A very useful image processing technique is band ratioing. For each pixel, we divide the DN value of any one band by the value of another band. This quotient yields a new set of numbers that may range from zero (0/1) to 255 (255/1) but the majority are fractional (decimal) values between 0 and typically 2 - 3 (e.g., 82/51 = 1.6078; 114/177 = 0.6440). We can rescale these resulting ratio values to provide a gray-tone image, in which we can reach 16 or 256 levels, depending on the computer display limits. One effect of ratioing is to eliminate dark shadows, because these have values near zero in all bands. This tends to produce a “truer” picture of hilly topography in the sense that the shaded areas are now expressed in tones similar to the sunlight sides. In other words, band ratioing has the effect of removing shadows.
Three pairs of ratio images can be co-registered (aligned) and projected as color composites. In individual ratio images and in these composites, certain ground features tend to be highlighted, based on unusual or anomalous ratio values. For example, an ore deposit may be weathered or altered so that the diagnostic surface staining or gossan develops. This stain consists of hydrated iron oxide (rust) that is normally yellow-brown. In Band 3, this material reflects strongly in the red but it is apt to be dark in Band 4. The ratio quotient values for this situation tend, therefore, to exceed 2-3, giving rise to a bright spot pattern in a 3/4 ratio image.
For example, rocks containing native copper would develop a distinct greenish tone due to the weathering of copper minerals to form malachite and azurite. To identify this kind of a surface effect, we may ratio TM Band 4 to Band 2, which should make the distinction. Vegetation in Band 4 should be quite bright whereas the copper stain will be greenish and rather bright. The ratio should be very light in tone or gray level. But, for the stain, its reflectance will be low in Band 4 and moderate (medium gray) in 2, so the ratio should be a medium-dark but probably at a higher gray level than if Band 3 had been used instead.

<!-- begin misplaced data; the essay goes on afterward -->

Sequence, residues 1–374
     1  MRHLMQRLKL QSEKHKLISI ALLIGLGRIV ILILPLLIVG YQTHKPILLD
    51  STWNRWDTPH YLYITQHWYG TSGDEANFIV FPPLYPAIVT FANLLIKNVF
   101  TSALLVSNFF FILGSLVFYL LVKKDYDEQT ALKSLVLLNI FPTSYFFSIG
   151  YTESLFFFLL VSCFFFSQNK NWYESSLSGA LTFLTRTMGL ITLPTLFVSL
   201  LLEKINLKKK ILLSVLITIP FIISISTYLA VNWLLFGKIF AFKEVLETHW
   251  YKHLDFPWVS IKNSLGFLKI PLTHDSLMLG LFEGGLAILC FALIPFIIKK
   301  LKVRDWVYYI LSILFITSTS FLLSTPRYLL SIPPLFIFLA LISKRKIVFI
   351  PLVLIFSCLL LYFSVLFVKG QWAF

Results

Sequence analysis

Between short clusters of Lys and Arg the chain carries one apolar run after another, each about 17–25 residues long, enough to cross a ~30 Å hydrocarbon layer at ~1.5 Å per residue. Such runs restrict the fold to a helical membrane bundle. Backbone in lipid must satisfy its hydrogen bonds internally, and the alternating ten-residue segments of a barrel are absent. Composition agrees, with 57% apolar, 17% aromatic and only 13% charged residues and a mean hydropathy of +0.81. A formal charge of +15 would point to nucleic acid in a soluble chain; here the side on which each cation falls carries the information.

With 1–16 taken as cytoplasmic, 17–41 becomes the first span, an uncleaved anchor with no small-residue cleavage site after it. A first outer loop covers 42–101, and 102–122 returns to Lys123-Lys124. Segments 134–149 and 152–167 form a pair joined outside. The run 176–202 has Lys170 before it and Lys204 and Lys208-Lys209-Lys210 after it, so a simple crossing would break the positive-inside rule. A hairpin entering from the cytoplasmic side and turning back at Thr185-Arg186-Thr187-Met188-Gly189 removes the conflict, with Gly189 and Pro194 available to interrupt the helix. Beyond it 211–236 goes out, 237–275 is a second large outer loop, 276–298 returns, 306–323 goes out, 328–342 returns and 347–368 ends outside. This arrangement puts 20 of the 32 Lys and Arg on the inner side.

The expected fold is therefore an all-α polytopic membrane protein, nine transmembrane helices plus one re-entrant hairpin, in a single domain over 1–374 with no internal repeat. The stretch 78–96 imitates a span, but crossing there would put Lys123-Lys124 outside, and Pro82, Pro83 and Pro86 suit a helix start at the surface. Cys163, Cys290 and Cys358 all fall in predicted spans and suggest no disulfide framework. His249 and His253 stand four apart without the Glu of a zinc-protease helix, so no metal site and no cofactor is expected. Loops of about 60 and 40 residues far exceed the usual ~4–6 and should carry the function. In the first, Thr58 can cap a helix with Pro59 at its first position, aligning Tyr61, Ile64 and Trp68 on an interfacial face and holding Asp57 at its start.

Clay ratio maps are invaluable in mineral exploration. Almost all air-borne and satellite imaging techniques do not directly model mineralization, but instead identify broad areas of alteration associated with the passage of mineralizing fluids. Movement of mineralized fluids through a rock mass causes significant changes to rock mineralogy and chemistry, frequently resulting in the formation of clay minerals due to alteration of feldspars (common in all rocks, basic and acidic igneous rocks as well as sedimentary rocks). The presence of clays is highlighted by 5/7 ratio.
NDVI (normalized difference vegetation index) is a simple formula using two satellite bands. If one of these band is in the visible region (VIS, for example Landsat Band 3) and one is in the near infrared (NIR, for example Landsat Band 4), then the NDVI is the ratio (NIR - VIS)/(NIR + VIS). The reason NDVI is related to vegetation is that healthy vegetation reflects very well in the near infrared part of the spectrum. Green leaves have a reflectance of 20 percent or less in the 0.5 to 0.7 micron range (green to red) and about 60 percent in the 0.7 to 1.3 micron range (near infra-red).
The possible range of NDVI values lie between -1 and 1, but the typical range is between about -0.1 (NIR less than VIS for a not very green area) to 0.6 (for a very green area). The values are stretched over the entire dynamic range to be displayed. NDVI provides a crude estimate of vegetation health and a means of monitoring changes in vegetation over time.
Fig 1 shows an true color (nearly) image of the area around Aligarh town combining Landsat 7 ETM+ Bands 3, 2 and 1 as RGB. Fig 2 is the same image with the red layer showing the NDVI ratio.
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